I awakened the other morning with this scenario playing in my head.
A young friend was being called into the ministry. He was trying to get his bearings. In my dream—if that’s what it was—I was saying to him, “Please learn to study. Learn to discipline yourself. Because we don’t need another lazy preacher.”
So, as I come to full consciousness, I’m concerned about lazy preachers?
Wonder where that came from.
Do we have lazy preachers? Of course. Always have had and always will have. You see laziness in ministers in a hundred ways, including some of these…
–A refusal to study. Some lift entire sermons from books and preach them. Others scan the Internet in search of some obscure message they hope no one in their congregation has seen, print it out, work on learning it and deliver it the next Sunday. (That seems like more work than if they did their own!) Others rehash old messages from their files. Others simply re-preach favorite themes.
–An inability to control their passions. Their hobbies claim the bulk of their time and attention. Some become golf pros. Others develop a love for travel and soon are leading mission trips and excursions to the Holy Land in order to get out of the hard work of pastoring, but while appearing spiritual at the same time. Some become computer experts. And I’ve known more than one addicted to television watching. Lord, help us.
–A lack of planning. Lazy pastors don’t have time to meet regularly with their staffs, have no long-range purpose for their preaching ministry, and let the calendar and the telephone dictate their schedules.
–An undisciplined spirit. They retaliate, carry grudges, respond angrily when challenged and shade the truth to make themselves look better.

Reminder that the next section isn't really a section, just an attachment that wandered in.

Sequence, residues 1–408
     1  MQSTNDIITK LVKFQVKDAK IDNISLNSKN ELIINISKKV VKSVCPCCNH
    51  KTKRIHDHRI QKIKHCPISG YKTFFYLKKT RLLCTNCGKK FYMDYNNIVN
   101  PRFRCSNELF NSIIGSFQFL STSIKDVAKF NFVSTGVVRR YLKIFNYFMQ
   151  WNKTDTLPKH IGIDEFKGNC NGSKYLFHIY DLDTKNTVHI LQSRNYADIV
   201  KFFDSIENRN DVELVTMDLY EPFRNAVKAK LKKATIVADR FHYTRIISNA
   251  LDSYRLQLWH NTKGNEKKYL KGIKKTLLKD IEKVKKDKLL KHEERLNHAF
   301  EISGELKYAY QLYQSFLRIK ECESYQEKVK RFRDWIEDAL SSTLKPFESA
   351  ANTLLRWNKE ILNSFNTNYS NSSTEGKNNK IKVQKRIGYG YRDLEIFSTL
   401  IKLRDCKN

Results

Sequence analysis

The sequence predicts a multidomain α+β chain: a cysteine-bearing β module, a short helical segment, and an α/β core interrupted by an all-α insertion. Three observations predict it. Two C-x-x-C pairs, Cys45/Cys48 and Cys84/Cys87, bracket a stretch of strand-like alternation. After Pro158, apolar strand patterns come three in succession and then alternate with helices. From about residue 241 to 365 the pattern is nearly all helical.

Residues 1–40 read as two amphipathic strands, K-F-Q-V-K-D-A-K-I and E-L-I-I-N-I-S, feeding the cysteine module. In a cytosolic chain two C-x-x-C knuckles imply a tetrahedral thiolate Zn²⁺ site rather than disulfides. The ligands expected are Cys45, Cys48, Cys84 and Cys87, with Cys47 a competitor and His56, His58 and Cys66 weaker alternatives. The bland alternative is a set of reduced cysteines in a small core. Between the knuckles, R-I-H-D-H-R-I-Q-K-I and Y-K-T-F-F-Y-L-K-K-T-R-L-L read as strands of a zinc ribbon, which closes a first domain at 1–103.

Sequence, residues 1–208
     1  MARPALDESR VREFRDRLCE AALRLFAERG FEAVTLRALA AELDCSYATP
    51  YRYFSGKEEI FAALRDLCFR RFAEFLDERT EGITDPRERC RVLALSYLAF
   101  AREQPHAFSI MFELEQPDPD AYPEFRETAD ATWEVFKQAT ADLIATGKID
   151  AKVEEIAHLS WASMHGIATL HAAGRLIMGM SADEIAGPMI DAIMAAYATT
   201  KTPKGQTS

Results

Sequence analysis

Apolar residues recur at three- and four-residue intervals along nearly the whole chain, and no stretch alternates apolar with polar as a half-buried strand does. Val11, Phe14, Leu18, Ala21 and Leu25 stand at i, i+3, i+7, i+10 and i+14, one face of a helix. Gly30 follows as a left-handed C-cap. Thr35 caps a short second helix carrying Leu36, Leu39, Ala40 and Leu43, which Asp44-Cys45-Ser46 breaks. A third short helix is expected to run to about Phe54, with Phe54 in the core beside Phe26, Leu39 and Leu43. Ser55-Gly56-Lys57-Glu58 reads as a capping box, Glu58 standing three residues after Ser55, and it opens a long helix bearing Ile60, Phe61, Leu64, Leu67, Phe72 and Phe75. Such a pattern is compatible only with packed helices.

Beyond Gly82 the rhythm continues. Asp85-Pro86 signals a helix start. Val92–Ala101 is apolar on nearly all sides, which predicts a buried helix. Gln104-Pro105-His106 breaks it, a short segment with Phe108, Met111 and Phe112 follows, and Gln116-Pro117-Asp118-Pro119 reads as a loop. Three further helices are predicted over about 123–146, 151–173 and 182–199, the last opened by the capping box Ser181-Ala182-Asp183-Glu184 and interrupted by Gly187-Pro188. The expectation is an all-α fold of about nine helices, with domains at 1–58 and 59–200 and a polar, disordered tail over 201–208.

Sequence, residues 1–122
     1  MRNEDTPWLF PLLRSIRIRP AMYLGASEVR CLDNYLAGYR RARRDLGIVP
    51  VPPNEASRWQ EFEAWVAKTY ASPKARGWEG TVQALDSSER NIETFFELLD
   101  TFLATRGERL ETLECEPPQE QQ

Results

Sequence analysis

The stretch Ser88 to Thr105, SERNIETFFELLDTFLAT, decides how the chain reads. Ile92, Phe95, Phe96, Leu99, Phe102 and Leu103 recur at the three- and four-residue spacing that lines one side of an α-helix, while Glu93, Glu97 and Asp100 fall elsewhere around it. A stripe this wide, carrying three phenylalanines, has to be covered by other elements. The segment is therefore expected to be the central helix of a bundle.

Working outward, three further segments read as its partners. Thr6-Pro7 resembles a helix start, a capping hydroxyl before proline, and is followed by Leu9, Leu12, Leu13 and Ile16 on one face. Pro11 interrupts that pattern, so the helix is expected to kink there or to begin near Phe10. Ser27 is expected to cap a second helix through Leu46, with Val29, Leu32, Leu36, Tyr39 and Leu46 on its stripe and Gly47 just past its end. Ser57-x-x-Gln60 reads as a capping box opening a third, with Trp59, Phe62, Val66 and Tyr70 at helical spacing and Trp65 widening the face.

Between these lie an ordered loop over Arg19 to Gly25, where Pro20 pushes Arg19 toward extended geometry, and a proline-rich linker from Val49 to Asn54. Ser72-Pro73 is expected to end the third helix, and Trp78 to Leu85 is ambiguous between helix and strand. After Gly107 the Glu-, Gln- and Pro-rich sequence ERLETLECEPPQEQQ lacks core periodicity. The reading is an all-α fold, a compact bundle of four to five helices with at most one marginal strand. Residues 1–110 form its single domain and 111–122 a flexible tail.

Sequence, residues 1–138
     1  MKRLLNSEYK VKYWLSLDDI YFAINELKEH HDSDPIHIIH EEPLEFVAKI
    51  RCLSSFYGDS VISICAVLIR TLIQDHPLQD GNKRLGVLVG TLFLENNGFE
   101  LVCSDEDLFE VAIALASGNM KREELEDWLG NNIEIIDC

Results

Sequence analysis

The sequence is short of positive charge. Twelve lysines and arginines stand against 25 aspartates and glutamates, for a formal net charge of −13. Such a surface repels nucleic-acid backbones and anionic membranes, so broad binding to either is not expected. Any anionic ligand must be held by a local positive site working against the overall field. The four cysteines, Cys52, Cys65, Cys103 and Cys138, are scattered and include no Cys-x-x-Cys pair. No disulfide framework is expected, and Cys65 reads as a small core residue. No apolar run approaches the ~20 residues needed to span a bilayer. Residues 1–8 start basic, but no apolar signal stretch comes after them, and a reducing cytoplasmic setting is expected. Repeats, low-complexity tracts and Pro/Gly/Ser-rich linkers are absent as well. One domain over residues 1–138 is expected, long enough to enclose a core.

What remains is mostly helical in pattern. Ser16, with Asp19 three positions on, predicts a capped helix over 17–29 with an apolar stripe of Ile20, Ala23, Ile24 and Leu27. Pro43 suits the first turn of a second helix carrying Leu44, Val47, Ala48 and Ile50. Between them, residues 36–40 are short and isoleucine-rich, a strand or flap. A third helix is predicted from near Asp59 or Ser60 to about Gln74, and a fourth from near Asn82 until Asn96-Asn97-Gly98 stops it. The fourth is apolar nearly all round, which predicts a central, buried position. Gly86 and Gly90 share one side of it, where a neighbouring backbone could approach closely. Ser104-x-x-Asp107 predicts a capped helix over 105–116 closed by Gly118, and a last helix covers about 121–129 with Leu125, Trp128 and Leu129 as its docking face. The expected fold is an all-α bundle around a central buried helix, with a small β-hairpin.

I wish I could say this is rare. It isn’t.
The pastor who serves well will have to learn to do a number of hard things…
One. To study well. Ideally, we all will have acquired this skill in junior high, but most did not. Some will have to learn the basic things of studying even in their middle years. Better then than never.
Studying well means pulling together the basic books and commentaries on Scripture. Studying well means blocking off sufficient time several days each week, and at least a full week annually, for nothing but digging into the Word. Studying well means protecting your spirit, protecting your place of study from interruptions except for emergencies and getting the support of your office team and spouse. Studying well means constantly working to learn better skills, to improve your knowledge, to be more effective.
The pastor who loves God’s word and lives in it has much to offer God’s people.
Two. To learn the doctrines of the faith. The pastor should master Romans and Hebrews, and as much of Revelation as he can. He should understand enough church history to recognize ancient heresies when they come to church in modern garb, and know how to deal with them. No one expects him to be an expert theologian, but a theologian he must be. Likewise, he is required to be an apologist, to know how to defend the Truth against error.